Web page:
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Catherine of Siena

Saint Catherine of Siena (born in Siena, Italy, March 25, 1347; died in Rome, April 29, 1380) was a Dominican Tertiary or lay-affiliate of the Dominican Order. Catherine was the 23rd child out of 25 (her twin, the 24th, died at birth); her parents were Giacomo di Benincasa, a cloth-dyer, and his wife, Lapa.

As a tertiary, Catherine lived at home rather than in a convent, and she practiced austerities there which a prioress would probably not have permitted. She is especially famous for fasting and practicing physical mortifications that remind modern readers of the extremes of anorexia nervosa, so much so that the recent scholar Rudolph Bell uses her life as an example in his book Holy Anorexia.

In about 1366 she experienced what she described in her letters as a 'Mystical Marriage' with Jesus Christ, and in 1370 she received a series of visions of Hell, Purgatory, and Heaven after which she heard a command to leave her withdrawn life and enter the public life of the world. She began to write letters to men and women in authority, especially begging for peace between the republics and principalities of Italy and for the return of the papacy from Avignon to Rome. She had a detailed correspondence with Pope Gregory XI, also asking him to reform the clergy and the administration of the Papal States. In June of 1376 she went to Avignon herself as ambassador of Florence to make peace with the Papal States, but was unsuccessful. She impressed the Pope so much, however, that he returned his administration to Rome in January of 1377. In the Great Schism of 1378 she was an adherent of Pope Urban VI, who summoned her to Rome where she lived until her death in 1380.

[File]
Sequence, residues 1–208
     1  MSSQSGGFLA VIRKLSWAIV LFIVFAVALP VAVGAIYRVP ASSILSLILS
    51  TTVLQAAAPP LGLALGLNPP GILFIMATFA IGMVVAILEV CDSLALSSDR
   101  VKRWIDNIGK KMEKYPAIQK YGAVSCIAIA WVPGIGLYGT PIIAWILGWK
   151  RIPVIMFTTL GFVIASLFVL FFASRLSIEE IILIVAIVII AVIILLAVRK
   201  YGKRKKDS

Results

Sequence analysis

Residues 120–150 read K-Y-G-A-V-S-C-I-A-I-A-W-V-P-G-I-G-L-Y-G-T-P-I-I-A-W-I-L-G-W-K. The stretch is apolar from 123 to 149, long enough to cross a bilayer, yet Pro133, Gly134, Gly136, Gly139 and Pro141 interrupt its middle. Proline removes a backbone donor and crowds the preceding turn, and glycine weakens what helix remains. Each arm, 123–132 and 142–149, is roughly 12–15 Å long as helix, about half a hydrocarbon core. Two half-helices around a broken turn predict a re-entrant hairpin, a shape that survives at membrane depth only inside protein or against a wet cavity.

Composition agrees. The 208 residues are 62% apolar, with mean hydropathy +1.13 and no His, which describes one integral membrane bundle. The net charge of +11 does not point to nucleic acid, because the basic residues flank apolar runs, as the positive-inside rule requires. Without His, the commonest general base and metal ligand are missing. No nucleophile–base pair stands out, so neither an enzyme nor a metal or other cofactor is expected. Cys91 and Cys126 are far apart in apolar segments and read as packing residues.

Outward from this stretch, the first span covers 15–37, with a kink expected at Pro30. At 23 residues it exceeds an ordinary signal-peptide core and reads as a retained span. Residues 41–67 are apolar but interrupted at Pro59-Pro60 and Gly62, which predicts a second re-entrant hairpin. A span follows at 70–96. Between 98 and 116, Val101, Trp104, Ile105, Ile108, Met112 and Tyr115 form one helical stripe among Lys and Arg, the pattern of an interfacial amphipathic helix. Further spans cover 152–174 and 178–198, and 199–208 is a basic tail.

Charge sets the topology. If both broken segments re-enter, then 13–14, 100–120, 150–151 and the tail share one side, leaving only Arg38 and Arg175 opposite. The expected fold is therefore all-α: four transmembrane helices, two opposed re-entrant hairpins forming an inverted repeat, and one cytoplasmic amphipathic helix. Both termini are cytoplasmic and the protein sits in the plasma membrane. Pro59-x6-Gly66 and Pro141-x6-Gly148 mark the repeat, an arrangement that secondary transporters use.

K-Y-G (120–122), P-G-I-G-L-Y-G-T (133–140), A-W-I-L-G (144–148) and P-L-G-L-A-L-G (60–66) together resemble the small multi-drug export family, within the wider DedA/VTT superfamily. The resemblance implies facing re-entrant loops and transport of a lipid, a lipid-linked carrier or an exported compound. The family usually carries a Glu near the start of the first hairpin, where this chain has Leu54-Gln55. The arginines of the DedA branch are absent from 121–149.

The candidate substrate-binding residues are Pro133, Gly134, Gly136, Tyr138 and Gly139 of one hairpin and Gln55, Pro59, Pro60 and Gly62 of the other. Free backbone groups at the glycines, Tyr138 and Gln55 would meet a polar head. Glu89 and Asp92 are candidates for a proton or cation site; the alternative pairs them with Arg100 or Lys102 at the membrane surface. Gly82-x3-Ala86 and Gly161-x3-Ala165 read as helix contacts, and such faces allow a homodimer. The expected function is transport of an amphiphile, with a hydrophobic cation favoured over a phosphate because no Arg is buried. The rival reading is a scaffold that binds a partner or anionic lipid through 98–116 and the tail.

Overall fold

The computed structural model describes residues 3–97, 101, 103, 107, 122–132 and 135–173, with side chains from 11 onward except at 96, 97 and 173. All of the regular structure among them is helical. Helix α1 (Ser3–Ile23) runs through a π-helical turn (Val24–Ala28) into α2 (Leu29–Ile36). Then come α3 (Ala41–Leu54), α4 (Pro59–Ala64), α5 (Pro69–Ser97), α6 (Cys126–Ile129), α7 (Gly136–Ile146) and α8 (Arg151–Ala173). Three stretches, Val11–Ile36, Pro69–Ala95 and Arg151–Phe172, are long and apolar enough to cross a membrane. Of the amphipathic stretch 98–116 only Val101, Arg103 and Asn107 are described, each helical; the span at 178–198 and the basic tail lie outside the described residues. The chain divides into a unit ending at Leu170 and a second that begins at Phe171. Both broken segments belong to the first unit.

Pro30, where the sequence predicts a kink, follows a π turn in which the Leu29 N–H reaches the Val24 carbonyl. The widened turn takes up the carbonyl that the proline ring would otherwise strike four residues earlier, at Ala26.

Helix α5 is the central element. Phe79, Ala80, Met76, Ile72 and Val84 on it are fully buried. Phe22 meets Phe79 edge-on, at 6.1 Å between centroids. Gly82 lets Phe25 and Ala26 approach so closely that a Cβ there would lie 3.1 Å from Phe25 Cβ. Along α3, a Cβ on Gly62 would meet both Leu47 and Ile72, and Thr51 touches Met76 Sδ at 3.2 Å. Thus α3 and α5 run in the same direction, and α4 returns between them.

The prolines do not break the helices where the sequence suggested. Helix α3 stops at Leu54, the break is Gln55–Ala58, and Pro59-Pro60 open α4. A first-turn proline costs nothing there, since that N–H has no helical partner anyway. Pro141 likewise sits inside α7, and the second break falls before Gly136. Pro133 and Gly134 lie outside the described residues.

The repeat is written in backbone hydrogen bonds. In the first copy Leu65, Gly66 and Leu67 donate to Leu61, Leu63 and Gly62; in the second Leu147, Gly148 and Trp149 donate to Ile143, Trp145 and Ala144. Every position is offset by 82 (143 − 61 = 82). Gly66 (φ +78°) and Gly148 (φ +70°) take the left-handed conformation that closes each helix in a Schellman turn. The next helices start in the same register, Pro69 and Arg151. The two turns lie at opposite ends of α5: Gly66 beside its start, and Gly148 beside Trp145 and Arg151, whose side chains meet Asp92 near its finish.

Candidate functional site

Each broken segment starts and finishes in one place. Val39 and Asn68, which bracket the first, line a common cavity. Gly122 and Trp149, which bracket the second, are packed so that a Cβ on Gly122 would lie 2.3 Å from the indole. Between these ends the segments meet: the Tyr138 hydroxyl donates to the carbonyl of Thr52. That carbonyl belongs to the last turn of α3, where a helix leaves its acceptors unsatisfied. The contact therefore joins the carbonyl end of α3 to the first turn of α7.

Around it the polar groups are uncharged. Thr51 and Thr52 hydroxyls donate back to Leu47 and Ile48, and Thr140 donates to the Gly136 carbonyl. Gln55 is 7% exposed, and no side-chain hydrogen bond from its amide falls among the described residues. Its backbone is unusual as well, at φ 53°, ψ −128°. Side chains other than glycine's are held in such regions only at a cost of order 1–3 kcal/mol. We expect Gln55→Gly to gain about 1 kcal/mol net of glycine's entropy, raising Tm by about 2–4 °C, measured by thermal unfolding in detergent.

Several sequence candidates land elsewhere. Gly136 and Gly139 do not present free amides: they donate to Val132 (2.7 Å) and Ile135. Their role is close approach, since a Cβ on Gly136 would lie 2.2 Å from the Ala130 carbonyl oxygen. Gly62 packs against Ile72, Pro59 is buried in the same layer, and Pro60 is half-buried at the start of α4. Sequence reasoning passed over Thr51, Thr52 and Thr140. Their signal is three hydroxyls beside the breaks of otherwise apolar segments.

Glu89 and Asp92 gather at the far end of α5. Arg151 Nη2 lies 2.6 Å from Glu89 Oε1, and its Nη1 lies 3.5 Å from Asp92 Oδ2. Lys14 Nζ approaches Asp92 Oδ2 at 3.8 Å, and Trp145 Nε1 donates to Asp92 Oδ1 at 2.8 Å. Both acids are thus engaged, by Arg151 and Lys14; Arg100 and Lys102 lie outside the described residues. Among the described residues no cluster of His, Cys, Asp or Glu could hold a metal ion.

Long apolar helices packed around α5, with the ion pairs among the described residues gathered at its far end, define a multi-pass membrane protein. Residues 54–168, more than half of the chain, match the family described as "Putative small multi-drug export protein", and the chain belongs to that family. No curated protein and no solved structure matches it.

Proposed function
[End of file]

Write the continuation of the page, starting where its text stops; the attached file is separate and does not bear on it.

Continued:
Pope Pius II canonized Catherine in 1461. Her letters are considered one of the great works of early Tuscan literature. Her feast day is 29 April.

External links and references

Rudolph Bell, Holy Anorexia
Carolyn Walker Bynum, Holy Feast and Holy Fast: The Religious Significance of Food to Medieval Women



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